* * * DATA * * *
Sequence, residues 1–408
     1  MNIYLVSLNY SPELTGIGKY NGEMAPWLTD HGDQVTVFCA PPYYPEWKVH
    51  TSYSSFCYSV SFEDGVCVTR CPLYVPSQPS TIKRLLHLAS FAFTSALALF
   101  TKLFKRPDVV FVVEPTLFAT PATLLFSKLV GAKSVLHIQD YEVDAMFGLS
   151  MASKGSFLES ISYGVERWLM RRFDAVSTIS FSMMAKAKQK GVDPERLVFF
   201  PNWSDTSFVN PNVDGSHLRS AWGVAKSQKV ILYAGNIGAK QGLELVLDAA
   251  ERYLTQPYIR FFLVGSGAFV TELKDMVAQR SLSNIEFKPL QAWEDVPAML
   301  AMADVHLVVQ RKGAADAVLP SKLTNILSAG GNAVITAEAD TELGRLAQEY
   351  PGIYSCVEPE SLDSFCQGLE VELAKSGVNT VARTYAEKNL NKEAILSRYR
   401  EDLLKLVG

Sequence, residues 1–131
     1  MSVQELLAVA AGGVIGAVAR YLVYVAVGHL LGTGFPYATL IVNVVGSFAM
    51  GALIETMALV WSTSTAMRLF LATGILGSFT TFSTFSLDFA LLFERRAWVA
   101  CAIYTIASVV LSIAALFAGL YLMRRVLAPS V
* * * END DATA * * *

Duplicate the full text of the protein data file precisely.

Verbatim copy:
Sequence, residues 1–408
     1  MNIYLVSLNY SPELTGIGKY NGEMAPWLTD HGDQVTVFCA PPYYPEWKVH
    51  TSYSSFCYSV SFEDGVCVTR CPLYVPSQPS TIKRLLHLAS FAFTSALALF
   101  TKLFKRPDVV FVVEPTLFAT PATLLFSKLV GAKSVLHIQD YEVDAMFGLS
   151  MASKGSFLES ISYGVERWLM RRFDAVSTIS FSMMAKAKQK GVDPERLVFF
   201  PNWSDTSFVN PNVDGSHLRS AWGVAKSQKV ILYAGNIGAK QGLELVLDAA
   251  ERYLTQPYIR FFLVGSGAFV TELKDMVAQR SLSNIEFKPL QAWEDVPAML
   301  AMADVHLVVQ RKGAADAVLP SKLTNILSAG GNAVITAEAD TELGRLAQEY
   351  PGIYSCVEPE SLDSFCQGLE VELAKSGVNT VARTYAEKNL NKEAILSRYR
   401  EDLLKLVG

Sequence, residues 1–131
     1  MSVQELLAVA AGGVIGAVAR YLVYVAVGHL LGTGFPYATL IVNVVGSFAM
    51  GALIETMALV WSTSTAMRLF LATGILGSFT TFSTFSLDFA LLFERRAWVA
   101  CAIYTIASVV LSIAALFAGL YLMRRVLAPS V